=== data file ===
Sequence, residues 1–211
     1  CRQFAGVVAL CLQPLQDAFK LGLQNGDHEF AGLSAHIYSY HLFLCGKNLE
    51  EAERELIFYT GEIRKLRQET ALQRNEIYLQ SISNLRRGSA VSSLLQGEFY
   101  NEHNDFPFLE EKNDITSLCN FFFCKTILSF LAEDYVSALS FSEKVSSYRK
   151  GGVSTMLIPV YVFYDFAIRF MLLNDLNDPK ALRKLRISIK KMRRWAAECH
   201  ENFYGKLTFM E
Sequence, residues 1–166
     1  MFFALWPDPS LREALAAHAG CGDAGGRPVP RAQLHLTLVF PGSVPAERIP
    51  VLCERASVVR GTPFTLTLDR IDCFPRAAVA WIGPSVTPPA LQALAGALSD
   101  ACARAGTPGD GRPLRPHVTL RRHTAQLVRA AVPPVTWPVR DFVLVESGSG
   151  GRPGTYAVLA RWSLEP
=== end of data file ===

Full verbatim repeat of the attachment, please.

Sequence, residues 1–211
     1  CRQFAGVVAL CLQPLQDAFK LGLQNGDHEF AGLSAHIYSY HLFLCGKNLE
    51  EAERELIFYT GEIRKLRQET ALQRNEIYLQ SISNLRRGSA VSSLLQGEFY
   101  NEHNDFPFLE EKNDITSLCN FFFCKTILSF LAEDYVSALS FSEKVSSYRK
   151  GGVSTMLIPV YVFYDFAIRF MLLNDLNDPK ALRKLRISIK KMRRWAAECH
   201  ENFYGKLTFM E
Sequence, residues 1–166
     1  MFFALWPDPS LREALAAHAG CGDAGGRPVP RAQLHLTLVF PGSVPAERIP
    51  VLCERASVVR GTPFTLTLDR IDCFPRAAVA WIGPSVTPPA LQALAGALSD
   101  ACARAGTPGD GRPLRPHVTL RRHTAQLVRA AVPPVTWPVR DFVLVESGSG
   151  GRPGTYAVLA RWSLEP